Working Hard, Working Poor: A Global Journey

Working Hard, Working Poor: A Global Journey

Working Hard, Working Poor: A Global Journey

Working Hard, Working Poor: A Global Journey


More than three billion people, nearly half of humankind, live on less than two-and-a-half U.S. dollars per person per day. Studies have shown repeatedly that the main and often the sole asset of the poor is their labor. It follows that to understand global poverty one must understand labor markets and labor earnings in the developing world. Excellent books exist on ending world poverty that discuss in depth many important aspects of economic development but do not focus on employment and self-employment, work and non-work.Working Hard, Working Poorfills in where the other books leave off.

Issues of analyzing poverty and low earnings in the developing world are quite different from those in the developed world. The discourse in the developed world is about incentive effects of social welfare programs, cultures of poverty, single-parenthood, homelessness, drug and alcohol abuse, ill health, mental illness, domestic violence, and the like. But in the developing world, different issues predominate, such as own-account work and household enterprises, agricultural work, casual employment, and informal work. And some of the policy issues--stimulating economic growth, harnessing the energies of the private sector, increasing paid employment, and raising the returns to self-employment--take a different twist. This book shows how people in poverty work, what has been effective in helping the poor earn their way out of poverty, and how readers might help.


A visit to high-tech China

It is Christmas Day 2008. Three thousand workers are busily building Thinkpad computers at a Lenovo factory in Shenzhen, China. the factory is spotless, as are the people themselves. the color of their uniforms indicates their responsibilities: light blue for assembly line workers, darker blue for team leaders, green for factory cleaners, and so on. in white lab coats with black pinstripes designating visitors, the manufacturing manager, his assistant, and I follow the assembly line around, starting with workers collecting the various parts needed for each particular computer (a process called “kitting”) to assembly to testing through software installation through further testing to packaging and finally to shipping.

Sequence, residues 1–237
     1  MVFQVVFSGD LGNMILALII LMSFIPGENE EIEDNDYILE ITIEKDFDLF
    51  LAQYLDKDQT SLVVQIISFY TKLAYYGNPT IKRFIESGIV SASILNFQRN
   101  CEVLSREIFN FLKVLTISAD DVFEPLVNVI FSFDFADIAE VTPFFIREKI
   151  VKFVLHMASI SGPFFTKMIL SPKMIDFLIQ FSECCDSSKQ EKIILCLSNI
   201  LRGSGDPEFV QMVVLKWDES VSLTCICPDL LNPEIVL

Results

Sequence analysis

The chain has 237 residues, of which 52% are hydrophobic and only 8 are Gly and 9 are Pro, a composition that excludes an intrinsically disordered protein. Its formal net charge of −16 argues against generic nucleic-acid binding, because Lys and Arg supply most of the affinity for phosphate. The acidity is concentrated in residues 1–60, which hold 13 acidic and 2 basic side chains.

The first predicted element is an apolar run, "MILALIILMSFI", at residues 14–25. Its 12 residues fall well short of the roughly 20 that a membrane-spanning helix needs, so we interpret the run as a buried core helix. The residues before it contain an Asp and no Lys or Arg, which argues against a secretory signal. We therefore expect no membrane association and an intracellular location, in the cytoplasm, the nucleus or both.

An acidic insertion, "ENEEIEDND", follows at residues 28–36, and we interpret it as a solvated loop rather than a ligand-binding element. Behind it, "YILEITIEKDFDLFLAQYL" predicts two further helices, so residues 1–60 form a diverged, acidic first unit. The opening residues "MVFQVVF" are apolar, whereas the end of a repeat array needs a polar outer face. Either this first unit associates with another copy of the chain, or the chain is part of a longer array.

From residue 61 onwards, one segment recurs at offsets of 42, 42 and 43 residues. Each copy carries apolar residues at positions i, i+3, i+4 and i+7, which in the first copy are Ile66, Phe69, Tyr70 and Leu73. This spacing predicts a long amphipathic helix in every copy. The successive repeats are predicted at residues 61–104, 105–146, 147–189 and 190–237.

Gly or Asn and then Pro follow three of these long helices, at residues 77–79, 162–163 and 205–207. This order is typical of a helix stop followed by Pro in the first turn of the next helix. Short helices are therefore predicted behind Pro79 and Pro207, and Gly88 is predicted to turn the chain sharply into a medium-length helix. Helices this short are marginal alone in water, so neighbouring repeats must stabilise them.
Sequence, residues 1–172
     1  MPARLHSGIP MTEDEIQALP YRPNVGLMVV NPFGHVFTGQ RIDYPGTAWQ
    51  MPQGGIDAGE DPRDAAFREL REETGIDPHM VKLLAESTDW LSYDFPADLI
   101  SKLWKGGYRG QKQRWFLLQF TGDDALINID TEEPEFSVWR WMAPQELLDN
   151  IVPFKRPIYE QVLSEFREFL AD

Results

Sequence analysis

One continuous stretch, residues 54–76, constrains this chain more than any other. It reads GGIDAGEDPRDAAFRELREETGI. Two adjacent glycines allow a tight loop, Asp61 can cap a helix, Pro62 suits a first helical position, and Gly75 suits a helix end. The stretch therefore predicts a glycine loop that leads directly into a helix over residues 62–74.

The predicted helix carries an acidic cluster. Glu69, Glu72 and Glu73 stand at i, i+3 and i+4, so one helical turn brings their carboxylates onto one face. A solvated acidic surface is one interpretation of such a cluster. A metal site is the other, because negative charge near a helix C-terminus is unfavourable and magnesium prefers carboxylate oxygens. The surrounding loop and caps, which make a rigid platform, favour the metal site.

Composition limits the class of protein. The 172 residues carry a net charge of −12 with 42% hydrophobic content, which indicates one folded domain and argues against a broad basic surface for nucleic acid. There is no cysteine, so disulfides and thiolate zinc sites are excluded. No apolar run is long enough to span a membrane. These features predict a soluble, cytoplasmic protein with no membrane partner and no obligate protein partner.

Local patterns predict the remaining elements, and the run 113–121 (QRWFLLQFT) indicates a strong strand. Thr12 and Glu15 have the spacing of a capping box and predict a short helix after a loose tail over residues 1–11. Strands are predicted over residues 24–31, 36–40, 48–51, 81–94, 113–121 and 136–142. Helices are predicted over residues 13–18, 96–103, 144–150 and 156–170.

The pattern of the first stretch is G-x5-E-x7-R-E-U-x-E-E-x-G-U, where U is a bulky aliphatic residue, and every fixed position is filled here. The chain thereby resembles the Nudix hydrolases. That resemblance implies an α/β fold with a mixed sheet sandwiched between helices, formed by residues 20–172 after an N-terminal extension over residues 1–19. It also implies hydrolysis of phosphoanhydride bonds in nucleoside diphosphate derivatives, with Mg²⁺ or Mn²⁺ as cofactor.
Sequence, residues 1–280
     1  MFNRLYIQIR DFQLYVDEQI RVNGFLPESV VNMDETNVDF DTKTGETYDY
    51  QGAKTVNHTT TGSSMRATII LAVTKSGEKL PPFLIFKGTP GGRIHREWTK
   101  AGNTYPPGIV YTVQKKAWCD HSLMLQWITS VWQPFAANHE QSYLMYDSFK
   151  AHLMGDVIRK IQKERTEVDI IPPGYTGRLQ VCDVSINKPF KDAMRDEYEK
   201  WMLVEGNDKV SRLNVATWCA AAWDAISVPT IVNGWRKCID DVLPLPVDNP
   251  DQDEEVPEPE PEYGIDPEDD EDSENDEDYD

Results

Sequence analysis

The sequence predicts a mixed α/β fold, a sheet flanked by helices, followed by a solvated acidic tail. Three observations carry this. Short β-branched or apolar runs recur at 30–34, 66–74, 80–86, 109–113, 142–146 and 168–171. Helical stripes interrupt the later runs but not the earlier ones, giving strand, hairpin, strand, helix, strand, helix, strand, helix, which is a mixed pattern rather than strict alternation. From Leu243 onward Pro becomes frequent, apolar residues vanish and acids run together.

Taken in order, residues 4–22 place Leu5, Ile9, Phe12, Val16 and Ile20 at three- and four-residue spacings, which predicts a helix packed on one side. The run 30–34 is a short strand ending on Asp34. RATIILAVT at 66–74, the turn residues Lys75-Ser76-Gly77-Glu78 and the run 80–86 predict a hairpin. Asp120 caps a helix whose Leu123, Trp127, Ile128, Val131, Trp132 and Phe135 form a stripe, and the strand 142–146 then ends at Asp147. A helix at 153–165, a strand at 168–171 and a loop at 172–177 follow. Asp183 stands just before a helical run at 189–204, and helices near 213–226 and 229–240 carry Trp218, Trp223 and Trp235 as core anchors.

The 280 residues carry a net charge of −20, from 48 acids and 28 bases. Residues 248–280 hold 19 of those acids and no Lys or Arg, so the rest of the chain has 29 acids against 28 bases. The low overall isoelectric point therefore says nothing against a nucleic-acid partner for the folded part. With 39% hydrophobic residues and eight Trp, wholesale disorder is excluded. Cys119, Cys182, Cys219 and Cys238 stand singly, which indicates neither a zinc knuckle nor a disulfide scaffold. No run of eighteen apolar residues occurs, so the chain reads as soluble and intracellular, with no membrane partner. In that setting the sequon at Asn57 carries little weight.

These young men and women, all between the ages of eighteen and twenty-three, work extremely fast. At kitting, a bin with parts used by all Thinkpads arrives, a worker scans the order form indicating which specific additional parts are needed, and within five seconds the parts have been added to the bin. About ten seconds later, another computer arrives and the task is repeated. the entire assembly line crew stand at their stations for two hours working nonstop, to be followed by a fifteen-minute break during which they can sit on stools, go to the toilet, or socialize. Three more cycles follow until the nine-hour work day is completed.

Following the plant tour, I am taken to the dormitory where many of these workers live. Leading me are the labor supplier who recruits workers for the factory and two recent university graduates employed in entrylevel positions in Lenovo’s human resource function. Groups of young men live on the fourth floor of the concrete dormitory building, young . . .

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